Human vs. Artificial Intelligence/Machine Learning

I frequently get asked: “Does your system use artificial intelligence (AI) or machine learning (ML)? As soon as people hear that our technology gives people the same experience as having a great personal mentor, they jump to the conclusion that it must be a form of AI/ML. AI in particular has received so much publicity that almost everyone knows a little about it and has an expectation that any technology that emulates a human mentor must incorporate some sort of computer-based intelligence.

People are much less aware of the advances in the neuroscience of leading and learning that have been made parallel to the advances in AI/ML. Advances in understanding human intelligence, I contend, far outstrip the advances in AI/ML. By taking advantage of the functionality of our brains, we can do things that machines are a long way from doing, and it is much easier, faster and less expensive.

Until about 20 years ago, it was widely believed that we used only about 10% of our brain. While this was an incorrect understanding of brain function – we use most of our brains most of the time – the idea that our brains are under-utilized has some merit. For example, for a long time, it was thought that you couldn’t really improve people’s functioning if they had Obsessive Compulsive Disorder (OCD) or Traumatic Brain Injury (TBI). Fortunately, research into OCD and TBI has shown that our brains can shift “thinking” and many neural functions to other parts of our brains, maintaining close to the original functionality. Our brains are far more capable of learning and adjusting than was previously understood.

Do mentors adapt their style for mentees?

Most of these questions about our AI/ML and our system seem to stem from one source. There is a widely held belief that mentors adjust their mentoring to each mentee. If the mentor adjusts, in emulating the mentor, Sofia must have a way to adjust to individual differences, which is what AI/ML is supposed to do.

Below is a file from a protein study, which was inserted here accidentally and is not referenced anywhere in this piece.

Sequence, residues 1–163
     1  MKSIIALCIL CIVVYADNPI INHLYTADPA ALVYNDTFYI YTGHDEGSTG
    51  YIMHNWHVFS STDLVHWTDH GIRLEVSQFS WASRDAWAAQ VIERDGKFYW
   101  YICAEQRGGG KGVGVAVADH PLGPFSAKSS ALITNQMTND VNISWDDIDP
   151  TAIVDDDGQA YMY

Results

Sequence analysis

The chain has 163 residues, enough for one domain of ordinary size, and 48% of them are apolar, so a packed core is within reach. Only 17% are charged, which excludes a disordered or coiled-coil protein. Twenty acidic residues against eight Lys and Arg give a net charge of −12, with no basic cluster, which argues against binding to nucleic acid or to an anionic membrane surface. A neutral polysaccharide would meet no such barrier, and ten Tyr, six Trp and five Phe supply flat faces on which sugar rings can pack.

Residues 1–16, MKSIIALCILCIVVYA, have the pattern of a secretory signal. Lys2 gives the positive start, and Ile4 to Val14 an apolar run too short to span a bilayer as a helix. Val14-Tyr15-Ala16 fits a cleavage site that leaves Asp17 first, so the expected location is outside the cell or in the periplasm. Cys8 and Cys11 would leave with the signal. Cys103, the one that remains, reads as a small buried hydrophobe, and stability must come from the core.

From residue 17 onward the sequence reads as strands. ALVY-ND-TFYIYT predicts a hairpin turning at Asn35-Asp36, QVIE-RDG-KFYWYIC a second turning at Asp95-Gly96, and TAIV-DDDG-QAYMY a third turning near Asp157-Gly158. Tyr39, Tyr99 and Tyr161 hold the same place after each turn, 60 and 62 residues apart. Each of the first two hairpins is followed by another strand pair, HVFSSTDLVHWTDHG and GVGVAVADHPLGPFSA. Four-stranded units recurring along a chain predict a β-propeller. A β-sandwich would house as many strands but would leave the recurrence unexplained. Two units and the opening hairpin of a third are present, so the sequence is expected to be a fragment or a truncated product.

Comprehensive analyses of mentoring and human processing of information shows that this is an incorrect view of what mentors and mentees do and this incorrect understanding leads to a significant under-utilization of human capabilities. Instead of adapting their mentoring to each mentee, good mentors use the exact same structure and process and similar verbal cues with anyone, anytime. Mentoring is incredibly consistent regardless of industry, job or personal characteristics.

If good mentors use the same model for anyone they are mentoring, why do people perceive that they are being treated uniquely? The answer is from neuroscience and it is called the human “generation effect” – which is the human ability to generate robust mental imagery. Using the “generation effect” mentees convert the mentor’s language it into their own concepts, language and images. As an example, think of a novel you have read where you can picture the characters and setting.

Because each of us individually generate these neural images, they are unique to each of us. They are also richer than external imagery. Think of how disappointed we are when we see the movie of the book we envisioned and of how the characters in the movie never seem quite as wonderful as the ones we pictured from reading the book. Further, because we have internalized these images, when new information comes to us, we naturally assimilate the new content and regenerate the images. The generation effect applies not only to the initial creation of an image but to the on-going enhancement of the image. This sounds a lot like what AI/ML is supposed to do but we humans do these processes naturally, incredibly quickly and for free.

People over machines

Compare this to AI/ML. The idea behind AI/ML learning is to completely replace humans. AI/ML has proven to be fairly effective for highly procedural and rote tasks and thinking, but has not been as successful for complex decision making and subtle judgements. It also tends to rely on projections from past knowledge, which makes it poor at generating innovations. For example, AI/ML would not have predicted the invention of the iPhone. Finally, AI/ML is very expensive.

Given what we now know about AI/ML versus human intelligence and learning, investing in people is much better than investing in AI/ML. Is that a shock? Probably, but we humans just aren’t as “cool” as stuff you think you can do on a machine.

Your choice – invest in your people with the advances in the neuroscience of learning or pay a lot for AI/ML that doesn’t accomplish what you want.

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